Wednesday Words: Tom Swifties

The First Tom Swift Book

Thanks to David Lubar and his book Sleeping Freshmen Never Lie, I discovered a couple of years ago the fun of making up Tom Swifties.

Tom Swift was a character from a book series published for three decades beginning in 1910.  Author Victor Appleton went to great lengths to avoid the simple “he said” phrase when quoting characters.  Instead, characters spoke quickly, indignantly, etc.  Likewise, a Tom Swifty is a pun or phrase in which there is a quote and a verb or adverb that links the thoughts together in a creative and silly way.

Once you see a few Tom Swifties, you quickly get the hang of it:

“I’ve broken my leg,” Tom cried lamely.
“I’m not worried about a thing,” she said carelessly.
“I have a frog in my throat,” he croaked.
“I’ve got tennis elbow,” he said backhandedly.
“Pureed or blended?” she asked smoothly.

When I tell people that I enjoy words and even grammar, they picture a stiff, uppity literature professor with Shakespeare lines at the ready and an eagerness to chastise students for any slight misuse of a comma.  But Tom Swifties is a far better illustration of the fun of language.

A couple of my friends – a brilliant neuropsychologist and a talented portrait artist (Marla J. Loss) – often join me in the recreational pastime of creating Tom Swifties on Facebook.  We’ve done general challenges, as well as themed Swifties.  Here are some general samples:

“I feel empty,” she said vacuously.
“You’re hogging all the bacon,” he said boorishly.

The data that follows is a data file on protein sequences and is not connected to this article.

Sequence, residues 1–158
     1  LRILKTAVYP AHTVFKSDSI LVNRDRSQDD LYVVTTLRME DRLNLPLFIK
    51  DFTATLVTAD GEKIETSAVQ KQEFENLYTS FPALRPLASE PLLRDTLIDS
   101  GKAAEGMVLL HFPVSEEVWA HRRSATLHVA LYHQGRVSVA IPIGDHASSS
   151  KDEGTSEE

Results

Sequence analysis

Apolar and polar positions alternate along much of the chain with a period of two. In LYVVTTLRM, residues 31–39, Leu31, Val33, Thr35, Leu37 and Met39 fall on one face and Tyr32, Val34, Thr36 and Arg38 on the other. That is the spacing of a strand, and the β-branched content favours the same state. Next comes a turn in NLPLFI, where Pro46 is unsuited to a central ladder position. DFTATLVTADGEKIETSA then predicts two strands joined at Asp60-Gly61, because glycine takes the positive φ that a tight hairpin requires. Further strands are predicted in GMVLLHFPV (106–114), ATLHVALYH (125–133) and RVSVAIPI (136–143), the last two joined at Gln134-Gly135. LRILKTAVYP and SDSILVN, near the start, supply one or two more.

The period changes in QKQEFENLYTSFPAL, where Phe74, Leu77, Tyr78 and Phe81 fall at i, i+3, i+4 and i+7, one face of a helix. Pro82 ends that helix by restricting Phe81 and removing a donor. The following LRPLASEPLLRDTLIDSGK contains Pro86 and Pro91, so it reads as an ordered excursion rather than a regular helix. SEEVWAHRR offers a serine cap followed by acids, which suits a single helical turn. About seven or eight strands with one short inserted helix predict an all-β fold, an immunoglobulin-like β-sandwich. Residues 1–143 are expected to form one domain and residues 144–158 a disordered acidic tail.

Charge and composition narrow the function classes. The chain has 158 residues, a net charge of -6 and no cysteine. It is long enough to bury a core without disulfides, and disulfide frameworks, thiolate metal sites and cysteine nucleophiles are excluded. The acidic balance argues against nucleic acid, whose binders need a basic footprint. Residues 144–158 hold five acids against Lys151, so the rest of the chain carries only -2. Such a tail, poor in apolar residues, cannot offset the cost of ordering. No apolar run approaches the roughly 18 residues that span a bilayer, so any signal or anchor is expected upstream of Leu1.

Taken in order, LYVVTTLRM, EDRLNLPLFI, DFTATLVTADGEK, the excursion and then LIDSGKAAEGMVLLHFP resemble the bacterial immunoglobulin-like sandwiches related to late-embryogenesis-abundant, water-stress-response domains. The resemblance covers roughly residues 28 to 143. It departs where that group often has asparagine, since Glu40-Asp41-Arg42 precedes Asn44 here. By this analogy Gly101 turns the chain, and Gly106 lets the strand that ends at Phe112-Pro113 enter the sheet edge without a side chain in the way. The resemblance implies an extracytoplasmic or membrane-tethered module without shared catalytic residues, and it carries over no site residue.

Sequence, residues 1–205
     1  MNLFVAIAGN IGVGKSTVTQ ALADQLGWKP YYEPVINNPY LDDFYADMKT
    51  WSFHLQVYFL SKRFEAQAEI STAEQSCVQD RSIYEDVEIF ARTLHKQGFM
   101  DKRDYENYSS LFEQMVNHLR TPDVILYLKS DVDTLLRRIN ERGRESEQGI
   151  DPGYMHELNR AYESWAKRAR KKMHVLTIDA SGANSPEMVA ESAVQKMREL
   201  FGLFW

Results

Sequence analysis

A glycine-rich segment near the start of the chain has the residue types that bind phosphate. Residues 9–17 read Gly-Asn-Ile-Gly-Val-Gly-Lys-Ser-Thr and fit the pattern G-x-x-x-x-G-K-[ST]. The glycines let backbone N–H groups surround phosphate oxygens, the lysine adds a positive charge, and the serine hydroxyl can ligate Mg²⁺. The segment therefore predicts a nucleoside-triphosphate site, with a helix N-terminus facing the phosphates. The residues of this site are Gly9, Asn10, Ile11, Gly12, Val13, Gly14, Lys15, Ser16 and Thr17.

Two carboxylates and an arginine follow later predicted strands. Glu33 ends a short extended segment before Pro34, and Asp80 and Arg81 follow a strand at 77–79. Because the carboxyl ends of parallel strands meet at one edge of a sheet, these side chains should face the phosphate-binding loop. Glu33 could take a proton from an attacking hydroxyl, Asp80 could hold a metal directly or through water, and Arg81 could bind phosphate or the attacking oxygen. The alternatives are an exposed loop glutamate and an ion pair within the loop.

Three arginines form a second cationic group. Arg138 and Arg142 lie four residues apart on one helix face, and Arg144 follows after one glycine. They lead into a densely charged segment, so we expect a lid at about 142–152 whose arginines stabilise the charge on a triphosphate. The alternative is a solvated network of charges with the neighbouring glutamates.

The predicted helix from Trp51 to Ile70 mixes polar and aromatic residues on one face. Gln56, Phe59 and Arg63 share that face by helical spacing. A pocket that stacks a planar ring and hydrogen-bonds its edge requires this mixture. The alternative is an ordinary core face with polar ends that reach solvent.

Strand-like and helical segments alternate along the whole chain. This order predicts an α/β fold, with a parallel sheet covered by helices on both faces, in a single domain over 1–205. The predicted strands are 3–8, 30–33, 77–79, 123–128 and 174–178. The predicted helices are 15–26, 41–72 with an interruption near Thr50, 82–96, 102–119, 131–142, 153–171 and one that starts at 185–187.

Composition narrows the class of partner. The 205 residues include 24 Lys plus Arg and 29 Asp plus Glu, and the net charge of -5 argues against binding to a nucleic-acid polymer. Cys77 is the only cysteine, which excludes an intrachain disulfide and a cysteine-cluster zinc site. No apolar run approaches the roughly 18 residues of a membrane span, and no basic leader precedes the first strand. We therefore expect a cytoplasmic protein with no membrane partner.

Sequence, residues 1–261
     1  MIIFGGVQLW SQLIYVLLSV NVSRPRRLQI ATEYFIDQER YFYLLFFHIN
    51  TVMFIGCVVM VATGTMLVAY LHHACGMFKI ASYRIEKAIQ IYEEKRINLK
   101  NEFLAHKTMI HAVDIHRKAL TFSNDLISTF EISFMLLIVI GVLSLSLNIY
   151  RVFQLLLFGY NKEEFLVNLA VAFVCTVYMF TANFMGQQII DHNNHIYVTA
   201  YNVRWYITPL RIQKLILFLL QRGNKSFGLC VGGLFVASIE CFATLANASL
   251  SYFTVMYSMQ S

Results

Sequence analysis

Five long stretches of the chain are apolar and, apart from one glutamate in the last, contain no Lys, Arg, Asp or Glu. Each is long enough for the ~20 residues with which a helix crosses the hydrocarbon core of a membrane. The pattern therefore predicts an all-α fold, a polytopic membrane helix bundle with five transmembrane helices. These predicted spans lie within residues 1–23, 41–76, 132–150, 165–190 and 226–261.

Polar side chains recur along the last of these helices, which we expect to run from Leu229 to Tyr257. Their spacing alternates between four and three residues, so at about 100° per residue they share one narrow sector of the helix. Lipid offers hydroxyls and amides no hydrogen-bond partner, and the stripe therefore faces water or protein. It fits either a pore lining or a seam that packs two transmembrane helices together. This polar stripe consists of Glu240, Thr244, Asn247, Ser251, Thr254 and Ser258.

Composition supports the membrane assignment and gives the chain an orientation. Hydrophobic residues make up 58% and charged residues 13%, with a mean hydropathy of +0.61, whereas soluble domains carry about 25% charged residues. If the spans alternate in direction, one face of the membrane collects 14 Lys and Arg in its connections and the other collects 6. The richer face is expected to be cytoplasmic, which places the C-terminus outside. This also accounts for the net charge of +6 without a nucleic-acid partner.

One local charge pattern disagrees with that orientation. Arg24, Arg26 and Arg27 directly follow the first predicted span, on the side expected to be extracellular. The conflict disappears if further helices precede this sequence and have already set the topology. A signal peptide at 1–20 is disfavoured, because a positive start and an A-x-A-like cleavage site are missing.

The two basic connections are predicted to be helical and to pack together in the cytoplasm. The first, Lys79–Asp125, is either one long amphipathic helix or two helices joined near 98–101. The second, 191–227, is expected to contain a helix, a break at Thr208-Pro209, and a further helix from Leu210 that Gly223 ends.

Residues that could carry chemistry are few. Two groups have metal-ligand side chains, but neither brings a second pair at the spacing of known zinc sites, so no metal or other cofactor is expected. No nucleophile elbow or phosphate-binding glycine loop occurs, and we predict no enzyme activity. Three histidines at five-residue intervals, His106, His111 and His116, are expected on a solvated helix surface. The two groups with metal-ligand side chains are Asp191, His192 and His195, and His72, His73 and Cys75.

“That’s not how you tie a knot,” she said tightly.  “Yes, it is,” he said loosely.
“I’m afraid I might fall off,” she said edgily.

We also did a Star Wars theme:

“Do you like my hair in these buns?” Leia said twistedly.
“Come to the dark side,” Darth Vader said forcefully.
“Laugh it up, fur ball!” Han said fuzzily.
“Don’t call me a mindless philosopher, you overweight glob of grease,” C3PO said crudely.

How about music lyrics?

“Back in black,” AC/DC sang darkly.
“Rolling in the deep,” Adele sang swimmingly.
“No, he can’t read my poker face,” Lady Gaga sang handily.
“Here comes the sun,” the Beatles sang brightly.

Once, the psych pal came up with a real challenge:  A Tom Swifty in which the quote is the first five words you would say to your cellmate if you woke up in jail.

“I’m wearing black and white,” I said alternately.
“Dibs on the top bunk,” I said loftily.
“I say he needed killing,” I breathed murderously.

I have even tried a few romantic Swifties with my husband. However, since my family is likely reading this post, I will refrain from quoting any here. 

This is a great way to exercise your mind, have fun with words, connect with others, and laugh!  It’s another part of that richness of our language.  We can mix words up in various ways to entertain ourselves over and over.

So give me your best shot! (Pat Benatar sang aimlessly. Sorry.)  Comment below with a Tom Swifty or two!  If you choose a theme, tell everyone what it is so others can add their ideas as well.